Monday, August 23, 2010

Review: Halo by Alexandra Adornetto

Author: Alexandra Adornetto
Publication: Feiwel & Friends (August 31, 2010)

Description: Three angels are sent down to bring good to the world: Gabriel, the warrior; Ivy, the healer; and Bethany, a teenage girl who is the least experienced of the trio. But she is the most human, and when she is romantically drawn to a mortal boy, the angels fear she will not be strong enough to save anyone—especially herself—from the Dark Forces.
Is love a great enough power against evil?

My Thoughts: This is the fourth book by Adornetto who is a young Australian author. Sources vary but she was either born in 1992 or 1993. This is her first US publication.

This book reminded me a lot of Twilight by Stephenie Meyer. It had the same over-the-top melodrama and flowery speech. For example, the heroine awakes after being kidnapped by the villain and spends an entire page describing in minute detail the room where she wakes up. One other reviewer mentioned that she was glad the author had a thesaurus but felt it was a bit overused. I agree. 

The three angels come to a small town to try to influence it to be good. Bethany is a seventeen-year-old and is a new angel. She is nearest to human and eager for human experiences. Naturally, she falls in love with a boy with a tragic past who is beautiful, honorable and very mature. Their romance is the kind that many teenage girls dream of. The feel incomplete without the other and count the seconds until they are together. But then another boy shows up and tries to break up the relationship. Of course, he is evil and wants to create  more followers for Lucifer.

I recommend this book for the YAs who fell in love with Twilight and love their romance with a hefty helping of melodrama. Unfortunately, I have outgrown that stage in my life and found myself rolling my eyes and jeering at the book frequently as I read it. Even so, I am eager to share it with some of my students who will take the book to heart. The messages in the book are positive and innocent but not very feminist.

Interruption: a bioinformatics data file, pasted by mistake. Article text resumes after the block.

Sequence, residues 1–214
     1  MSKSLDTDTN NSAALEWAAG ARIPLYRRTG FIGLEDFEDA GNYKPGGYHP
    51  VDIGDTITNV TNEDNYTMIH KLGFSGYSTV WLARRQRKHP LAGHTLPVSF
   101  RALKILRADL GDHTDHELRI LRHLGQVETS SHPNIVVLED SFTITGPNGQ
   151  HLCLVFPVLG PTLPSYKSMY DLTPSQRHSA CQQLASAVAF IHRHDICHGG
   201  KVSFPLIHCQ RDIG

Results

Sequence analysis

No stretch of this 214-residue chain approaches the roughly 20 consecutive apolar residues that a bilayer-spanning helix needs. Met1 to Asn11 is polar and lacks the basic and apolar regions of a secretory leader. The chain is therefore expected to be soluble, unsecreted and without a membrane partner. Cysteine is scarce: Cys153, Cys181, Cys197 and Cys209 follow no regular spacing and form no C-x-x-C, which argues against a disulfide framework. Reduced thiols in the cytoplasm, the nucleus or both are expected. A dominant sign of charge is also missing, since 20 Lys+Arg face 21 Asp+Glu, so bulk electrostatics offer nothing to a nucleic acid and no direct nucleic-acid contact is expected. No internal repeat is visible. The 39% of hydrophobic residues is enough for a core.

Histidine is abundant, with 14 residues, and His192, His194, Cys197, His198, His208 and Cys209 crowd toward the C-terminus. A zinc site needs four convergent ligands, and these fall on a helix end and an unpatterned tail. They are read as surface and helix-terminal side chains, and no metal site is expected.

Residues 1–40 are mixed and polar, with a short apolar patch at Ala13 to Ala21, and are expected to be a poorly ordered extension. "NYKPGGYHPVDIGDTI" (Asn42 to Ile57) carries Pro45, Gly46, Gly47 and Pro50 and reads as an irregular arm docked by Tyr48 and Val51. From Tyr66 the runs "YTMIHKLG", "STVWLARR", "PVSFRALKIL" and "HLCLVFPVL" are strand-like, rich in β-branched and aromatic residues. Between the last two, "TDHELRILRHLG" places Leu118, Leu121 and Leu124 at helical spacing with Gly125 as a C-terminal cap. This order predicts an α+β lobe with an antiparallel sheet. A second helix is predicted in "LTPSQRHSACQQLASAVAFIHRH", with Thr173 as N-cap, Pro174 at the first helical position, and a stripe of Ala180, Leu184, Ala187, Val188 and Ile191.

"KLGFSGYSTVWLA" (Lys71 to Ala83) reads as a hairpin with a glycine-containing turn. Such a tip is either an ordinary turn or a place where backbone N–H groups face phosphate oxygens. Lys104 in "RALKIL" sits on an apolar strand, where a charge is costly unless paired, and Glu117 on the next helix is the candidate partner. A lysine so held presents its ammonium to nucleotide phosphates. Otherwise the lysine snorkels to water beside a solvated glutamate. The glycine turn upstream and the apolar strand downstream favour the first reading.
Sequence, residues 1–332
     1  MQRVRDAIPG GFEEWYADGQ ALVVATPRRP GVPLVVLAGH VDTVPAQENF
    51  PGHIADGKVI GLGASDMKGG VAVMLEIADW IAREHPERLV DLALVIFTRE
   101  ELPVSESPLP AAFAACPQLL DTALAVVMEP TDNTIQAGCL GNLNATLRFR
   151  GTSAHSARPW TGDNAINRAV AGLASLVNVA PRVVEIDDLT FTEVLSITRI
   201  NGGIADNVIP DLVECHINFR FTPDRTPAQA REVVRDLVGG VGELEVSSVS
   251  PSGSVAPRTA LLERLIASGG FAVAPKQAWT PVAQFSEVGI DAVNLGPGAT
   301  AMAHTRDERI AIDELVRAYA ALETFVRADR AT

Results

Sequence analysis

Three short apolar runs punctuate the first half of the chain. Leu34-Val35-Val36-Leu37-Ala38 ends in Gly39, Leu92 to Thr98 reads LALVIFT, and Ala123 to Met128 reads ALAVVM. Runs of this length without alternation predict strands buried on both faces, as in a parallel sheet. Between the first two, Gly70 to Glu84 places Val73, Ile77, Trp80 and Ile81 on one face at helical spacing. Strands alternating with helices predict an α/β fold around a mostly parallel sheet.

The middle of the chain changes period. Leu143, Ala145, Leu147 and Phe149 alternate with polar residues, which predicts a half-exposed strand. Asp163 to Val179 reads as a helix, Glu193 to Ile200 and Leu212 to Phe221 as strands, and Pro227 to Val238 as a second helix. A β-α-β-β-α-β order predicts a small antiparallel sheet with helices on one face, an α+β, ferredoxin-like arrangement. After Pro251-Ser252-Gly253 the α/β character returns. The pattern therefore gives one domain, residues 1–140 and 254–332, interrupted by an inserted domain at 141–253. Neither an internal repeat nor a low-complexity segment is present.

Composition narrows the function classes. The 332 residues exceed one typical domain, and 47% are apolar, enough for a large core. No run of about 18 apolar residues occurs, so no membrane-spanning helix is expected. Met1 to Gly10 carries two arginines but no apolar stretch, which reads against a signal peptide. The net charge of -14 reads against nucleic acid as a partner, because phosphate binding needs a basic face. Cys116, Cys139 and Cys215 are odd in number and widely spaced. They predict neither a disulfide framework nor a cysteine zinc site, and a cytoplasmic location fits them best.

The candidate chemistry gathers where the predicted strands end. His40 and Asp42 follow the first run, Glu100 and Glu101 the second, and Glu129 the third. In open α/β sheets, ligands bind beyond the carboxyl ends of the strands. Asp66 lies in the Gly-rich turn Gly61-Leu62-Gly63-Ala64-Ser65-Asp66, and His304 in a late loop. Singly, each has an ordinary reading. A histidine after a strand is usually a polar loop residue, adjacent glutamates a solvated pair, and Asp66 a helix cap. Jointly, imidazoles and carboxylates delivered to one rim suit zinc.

Here is a new trailer:

Favorite Quote:
Mingled with my guilt and shame was a new latent anger at the thought that my fate wasn't mine to determine. Xavier had put that idea into my head. My relationship with him would be decided for me, and the worst part of it was that I didn't know when it would happen. My time on earth came with an unknown expiration date. What if I didn't even get to say good-bye to him?
Concerning the quote: We all come with an unknown expiration date. That is part of the human condition. This is not a unique situation even though most teenagers don't yet believe in death after life.

Challenges: RYOB, 2010 YA Reading Challenge, Paranormal Reading Challenge


  1. I think I also have outgrown that stage in my life...because lately I can't stand this kind of books!

    Thanks for the review

  2. Good review! I've got this on my TBR pile but I'm kind of dreading it due to the size and other comparisons I've read to Twilight. However, I know it will be popular with my teen girls at my library so I need to give it a chance.

  3. Thanks for honest review! I did love twilight though so might give it a chance :)


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